Still, I have a hard time believing we are a nation that will continue to sit content while the Chinese make everything for us in this now-bolstered (yet exposed) sham economy of credit and lies. We may have forked over a good chunk of our pride just to walk out of Wal-Mart with cheap 42-inch plasma screen televisions, but I don't believe that all of our pride is gone.

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On Sunday morning I walked right into another abandoned school. This one had several vocational education classrooms full of machine tools that hadn't yet been scrapped (although the scrappers had broken a huge hole in the third-floor wall and were gradually pushing the massive pieces of equipment down onto the sidewalk below one by one). When my dad was my age (before he quit to pursue his passion of repairing antique cars) he worked in the belly of some high school as an auto body shop instructor. One of his favorite topics still is the decline of vocational education in our public schools. "We'll have generations of pencil pushers who'll have forgotten the quadratic equation by the time they get their diplomas but who don't know how to build or fix anything. They won't be qualified to do anything except make hamburgers." It's one of the few topics we agree on. As I stared at room after room of heavy machinery once used to prepare already-disadvantaged Detroit kids for jobs in the manufacturing sector, all I could think about was my dad, and wonder if the jobs these machines were preparing them for even exist in this hemisphere anymore .

I have always been interested in shipyards, those massive polychromatic piles of shipping containers and the Jurassic cranes used to hoist them. I read that in some cases it is cheaper to manufacture new shipping containers in Dalian or Tianjin than it is to ship them back empty. In my wanderings I once came across a former auto factory on the east side of Detroit that I thought was abandoned, but instead it was busy retooling and refurbishing heavy machinery formerly used in the domestic manufacturing process for export to China, something to fill a few of those empty shipping containers. I have read that the fabrics in the clothes many of us wear were made in China using the same machines that American workers might once have used in North Carolina. I once investigated for this blog if any of those factories where Mr. Rogers once showed kids how things were made were still in business. The results were just too depressing to share.

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They say a sustainable model for future economies will trend away from globalization and be based more on localization. The yuppies and hippies have sort of turned that into "I am better than the white trash at Wal-Mart because I buy my eggs from Farmer Brown the next town over," but that doesn't mean a movement towards more local economies is without merit. For Detroiters, of course, it is hard to separate all this talk of "buy local" economics from the misery of the auto industry, and not be frustrated with those Prius-driving yuppies in the Pacific Northwest calling for the death of this massive American industry while patting themselves on the back for buying butter made from the milk of organically-fed Oregon cows. It's not a simple matter, and hopefully if there is some sort of "bailout" there will be plenty of strings attached: perhaps this could be an opportunity to start transforming manufacturing in the United States to a sustainable model that strengthens our economy and provides jobs here rather than just strengthening the portfolios of a privileged few at the expense of so many. But calling for the death of this American industry is callous and shortsighted, and I would add that slowly turning into a nation where no one knows how to make anything but hamburgers and silkscreened t-shirts can't be good for national security.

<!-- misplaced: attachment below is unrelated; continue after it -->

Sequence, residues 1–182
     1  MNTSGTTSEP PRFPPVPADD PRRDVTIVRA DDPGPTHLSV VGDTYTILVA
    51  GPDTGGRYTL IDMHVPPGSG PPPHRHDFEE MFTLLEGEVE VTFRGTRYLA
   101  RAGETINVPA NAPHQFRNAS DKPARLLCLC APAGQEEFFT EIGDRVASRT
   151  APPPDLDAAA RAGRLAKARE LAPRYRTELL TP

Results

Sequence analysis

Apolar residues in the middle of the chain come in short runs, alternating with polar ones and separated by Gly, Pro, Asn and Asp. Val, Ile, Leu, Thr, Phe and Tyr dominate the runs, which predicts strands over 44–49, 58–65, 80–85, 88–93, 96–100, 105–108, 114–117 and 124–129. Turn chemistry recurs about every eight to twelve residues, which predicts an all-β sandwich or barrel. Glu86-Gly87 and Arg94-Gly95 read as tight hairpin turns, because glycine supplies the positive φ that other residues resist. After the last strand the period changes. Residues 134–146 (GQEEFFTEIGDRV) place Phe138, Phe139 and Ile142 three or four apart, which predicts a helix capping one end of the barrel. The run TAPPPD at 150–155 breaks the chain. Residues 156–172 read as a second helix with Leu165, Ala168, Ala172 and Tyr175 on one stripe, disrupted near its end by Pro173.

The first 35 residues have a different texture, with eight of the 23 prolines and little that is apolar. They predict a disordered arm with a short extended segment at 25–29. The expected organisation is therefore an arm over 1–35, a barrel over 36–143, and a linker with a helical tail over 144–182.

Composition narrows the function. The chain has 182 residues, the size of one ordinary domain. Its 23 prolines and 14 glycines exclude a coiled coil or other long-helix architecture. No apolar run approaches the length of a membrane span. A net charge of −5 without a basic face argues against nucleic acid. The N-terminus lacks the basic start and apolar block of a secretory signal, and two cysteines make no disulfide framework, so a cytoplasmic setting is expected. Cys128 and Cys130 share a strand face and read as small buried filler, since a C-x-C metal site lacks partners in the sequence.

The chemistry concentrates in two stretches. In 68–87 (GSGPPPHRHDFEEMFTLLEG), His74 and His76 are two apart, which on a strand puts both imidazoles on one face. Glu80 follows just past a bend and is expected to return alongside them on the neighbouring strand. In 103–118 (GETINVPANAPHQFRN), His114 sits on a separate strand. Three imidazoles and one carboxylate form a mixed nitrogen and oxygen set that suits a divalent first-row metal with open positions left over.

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My parents always taught me respect for people who make things. My mother is extremely artistic and she is always making things (instead of buying things) for her grandkids. My dad built his own machines to bend steel and create automobile parts that are needed but no longer exist. From an ancient photo he can use those machines he built himself to craft a fender or a door for a 1913 Oldsmobile. He is a one-man vintage assembly line. Our family has never been wealthy, but I I've always felt a wealth of pride in what we do.

I do see this economic climate as an opportunity for change. It is a chance for us all to step back and think about where the things we buy are made, and all of what that means. It is a chance to accept that much of what we consider wealth isn't even real. If we're going to spend $700 billion to bail out those greedy firms who successfully used chicanery for years to manufacture an economy built of lies, shouldn't we also spend $25 billion to save one of the few remaining industries that actually design, engineer, and manufacture something real and necessary in this country?